And he fails to mention Nicholas Carr, whose recent book The Shallows makes a grimly persuasive case that virtual networks are reshaping our neural networks. We are losing our ability to read deeply and slowly, Carr believes. It is hardly reassuring, in this respect, that MOOCs, unlike a traditional lecture, are arranged in segments that rarely exceed 10 minutes — more or less the attention span of a generation afflicted with an array of iDisorders. Rather than pushing back and challenging the student — the essence of a true education — we are asked to accept their lack of depth and attention. Young readers risk becoming as rare as pandas, but Selingo is unfazed. Reading, it seems, is less crucial than technology in the fight to save higher education.
Why is this? Because Selingo seems to believe that teaching and information delivery are the same thing. In the “The Online Revolution,” he introduces us to Jennifer Black, a student at the University of Central Florida. Taking a quarter of her classes online, Jennifer’s experience, we are told, “is increasingly becoming the norm.” But whose norm? Jennifer’s major is hospitality — i.e., hotel and restaurant management. While Selingo does not specify which courses Jennifer takes online, my guess is that they are along the lines of “Introduction to Hospitality Technology” and “Safety, Sanitation and Security in Food Preparation,” not “Introduction to Existentialism” or “Safety and Security in the Novels of Jane Austen.” In fact, apart from an occasional and dutiful nod in its direction, Selingo does not discuss the future of the liberal arts and humanities. Instead, his roster of students and teachers hail almost entirely from the professional and vocational schools. In Selingo’s future, some norms are more normal than others.
What is not entirely normal, however, is Selingo’s assessment of online learning. In his discussion of MOOCs, he portrays Thrun as an idealistic visionary whose sole ambition is to provide “an elite education for free.” Thrun is “less motivated by money and more passionate about spreading knowledge around the world.” That may well be the case, but it is no less the case that Udacity is a for-profit start-up awash in venture capital. (Late last year, the venture capital firm Andreessen Horowitz ploughed $15 million dollars into Thrun’s company.) Idealism perhaps comes more easily to those who can afford it.
It is also the case of the 160,000 students who enrolled in Thrun’s MOOC on artificial intelligence in 2011, less than 23,000 completed the course. This completion rate is actually higher than most MOOCs, like UC Berkeley’s David Patterson’s course on software engineering. His MOOC enrolled 50,000 students in 2102, and graduated 4,000 — a completion rate of seven percent. In an interview, Patterson pointed to another issue hardwired into MOOCs: they create, he observed, a “cheating-rich environment.” Selingo ignores this matter, as he does another consequence of “personalized” learning: social isolation and anomie.
Also questionable is Selingo’s claim that “every new study of online learning arrives at essentially the same conclusion: Students who take all or part of their classes online perform better than those who take the same course through traditional instruction.” In a move that my own undergraduate students in history would never use, Selingo supports this sweeping claim with a single reference: a New York Times article. Yet my own research suggests that Selingo’s claim is at best dubious: most studies find that online learning is as effective, not more effective, as traditional classroom learning. (And as far as I could tell, the courses involved in these studies were either in the sciences or professions.)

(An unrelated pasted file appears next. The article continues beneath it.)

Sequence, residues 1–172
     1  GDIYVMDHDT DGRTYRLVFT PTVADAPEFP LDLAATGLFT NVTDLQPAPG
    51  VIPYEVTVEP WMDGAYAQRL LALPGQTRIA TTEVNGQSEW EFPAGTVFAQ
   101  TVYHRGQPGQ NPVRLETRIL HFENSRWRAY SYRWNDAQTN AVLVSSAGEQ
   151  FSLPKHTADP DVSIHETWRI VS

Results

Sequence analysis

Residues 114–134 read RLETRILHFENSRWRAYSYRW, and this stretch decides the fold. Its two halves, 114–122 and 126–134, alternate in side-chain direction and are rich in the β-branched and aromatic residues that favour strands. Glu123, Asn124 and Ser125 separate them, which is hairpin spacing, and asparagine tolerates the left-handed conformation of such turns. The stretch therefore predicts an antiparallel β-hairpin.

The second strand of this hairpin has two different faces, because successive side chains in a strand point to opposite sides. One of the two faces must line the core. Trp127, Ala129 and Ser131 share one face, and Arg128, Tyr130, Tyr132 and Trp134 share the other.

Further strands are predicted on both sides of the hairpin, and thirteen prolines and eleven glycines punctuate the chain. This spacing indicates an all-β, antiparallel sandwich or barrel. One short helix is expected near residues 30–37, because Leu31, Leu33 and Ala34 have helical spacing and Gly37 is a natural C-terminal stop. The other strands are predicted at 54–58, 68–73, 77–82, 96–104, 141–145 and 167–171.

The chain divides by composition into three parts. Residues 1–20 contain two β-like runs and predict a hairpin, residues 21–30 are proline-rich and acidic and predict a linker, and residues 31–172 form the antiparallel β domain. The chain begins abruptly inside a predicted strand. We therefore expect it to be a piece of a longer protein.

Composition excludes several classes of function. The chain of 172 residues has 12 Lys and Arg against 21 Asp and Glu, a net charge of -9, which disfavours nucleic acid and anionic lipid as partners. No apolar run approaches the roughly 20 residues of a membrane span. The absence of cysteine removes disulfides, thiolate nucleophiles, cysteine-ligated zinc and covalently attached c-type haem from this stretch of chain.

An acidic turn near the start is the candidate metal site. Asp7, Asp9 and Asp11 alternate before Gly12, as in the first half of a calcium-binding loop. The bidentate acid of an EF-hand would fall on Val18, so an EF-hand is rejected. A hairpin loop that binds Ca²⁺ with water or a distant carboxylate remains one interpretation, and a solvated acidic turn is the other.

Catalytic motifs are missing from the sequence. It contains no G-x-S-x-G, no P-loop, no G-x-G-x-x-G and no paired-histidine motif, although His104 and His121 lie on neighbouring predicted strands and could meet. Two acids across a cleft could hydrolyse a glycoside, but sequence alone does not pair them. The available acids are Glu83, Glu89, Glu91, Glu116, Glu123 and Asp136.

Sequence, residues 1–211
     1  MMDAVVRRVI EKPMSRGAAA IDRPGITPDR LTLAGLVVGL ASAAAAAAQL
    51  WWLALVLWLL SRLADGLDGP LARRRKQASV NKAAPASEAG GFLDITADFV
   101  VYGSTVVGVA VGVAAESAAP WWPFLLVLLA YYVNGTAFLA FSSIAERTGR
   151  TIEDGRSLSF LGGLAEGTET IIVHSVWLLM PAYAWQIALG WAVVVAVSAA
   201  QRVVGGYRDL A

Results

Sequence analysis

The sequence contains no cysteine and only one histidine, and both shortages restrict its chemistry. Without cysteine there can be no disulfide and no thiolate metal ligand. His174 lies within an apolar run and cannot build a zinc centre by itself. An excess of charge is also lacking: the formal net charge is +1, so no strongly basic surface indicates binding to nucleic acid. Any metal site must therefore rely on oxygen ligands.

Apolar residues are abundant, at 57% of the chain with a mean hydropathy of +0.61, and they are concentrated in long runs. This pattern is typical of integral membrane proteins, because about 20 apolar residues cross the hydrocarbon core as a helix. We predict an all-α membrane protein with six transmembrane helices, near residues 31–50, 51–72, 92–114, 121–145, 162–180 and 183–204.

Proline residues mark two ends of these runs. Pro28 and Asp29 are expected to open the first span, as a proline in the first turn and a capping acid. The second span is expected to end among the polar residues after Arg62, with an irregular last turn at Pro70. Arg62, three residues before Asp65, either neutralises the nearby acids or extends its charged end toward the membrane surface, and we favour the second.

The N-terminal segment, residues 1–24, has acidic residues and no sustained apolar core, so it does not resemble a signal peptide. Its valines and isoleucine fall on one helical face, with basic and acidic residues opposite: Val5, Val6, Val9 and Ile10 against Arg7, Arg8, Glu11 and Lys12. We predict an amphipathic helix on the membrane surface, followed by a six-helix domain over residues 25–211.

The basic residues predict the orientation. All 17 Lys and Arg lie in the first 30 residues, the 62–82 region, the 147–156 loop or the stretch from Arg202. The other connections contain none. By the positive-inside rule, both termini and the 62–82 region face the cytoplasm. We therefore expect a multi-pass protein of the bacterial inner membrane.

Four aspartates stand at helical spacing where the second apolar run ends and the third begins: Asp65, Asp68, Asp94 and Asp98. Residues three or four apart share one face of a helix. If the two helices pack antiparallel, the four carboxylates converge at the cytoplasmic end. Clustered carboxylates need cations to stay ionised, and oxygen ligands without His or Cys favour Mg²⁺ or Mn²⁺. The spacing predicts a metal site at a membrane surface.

These same studies conclude that, everything else being more or less equal, online courses are preferable because they are more cost effective. Here we arrive at the heart of the matter. Selingo is quite right to lambaste the current system of student loans, which has impoverished students and enriched banks and universities. But it is not at all clear that online courses are a solution to staggering student debt and insanely high tuition costs. In a recent essay, The New Inquiry writer Aaron Bady suggests that MOOCs are the disease for which they pretend to be the cure. The needs of higher education are not fueling the value of MOOCs, he argues; instead, it is media hype and the marketplace. While columnists like Tom Friedman and David Brooks (or, for that matter, Jeffrey Selingo) trumpet the coming revolution, investors in Silicon Valley are falling over themselves to profit from it. The fact that Udacity, despite the fawning portraits of Thrun and Co., is ultimately responsible to its investors, and not an ideal, is decisive.
The MOOC will not set us free. As for-profits like Udacity and Coursera bulldoze their way into university curricula — though the recent act of faculty resistance at San Jose State is encouraging — students will sooner or later be asked to pay for them as they do for their current courses with live professors. And these courses will be taught by a happy few whose performances, like William Shatner’s as Captain Kirk, will recycle into the future. Will the MOOCs, going boldly where no man (or woman) has gone before, lead us to a new and better world? Or are we the victims of a rerun, or worse: a script that will lead us back to the same world, only narrower and even more elitist, where a few powerful universities, working hand in hand with Silicon Valley, will call the shots?
As more than one blurb, from more than one college president, on the back cover declares, Selingo’s book is “provocative.” Yes, it is: but because of the issues it ignores rather than addresses. Percy Bysshe Shelley did address these issues in a different kind of unbound story, as did his young wife Mary Shelley in her novel Frankenstein, or the Modern Prometheus, but it seems this revolution will leave behind the poets.
Robert Zaretsky's A Life Worth Living: Albert Camus and the Quest for Meaning will be published by Harvard in November 2013.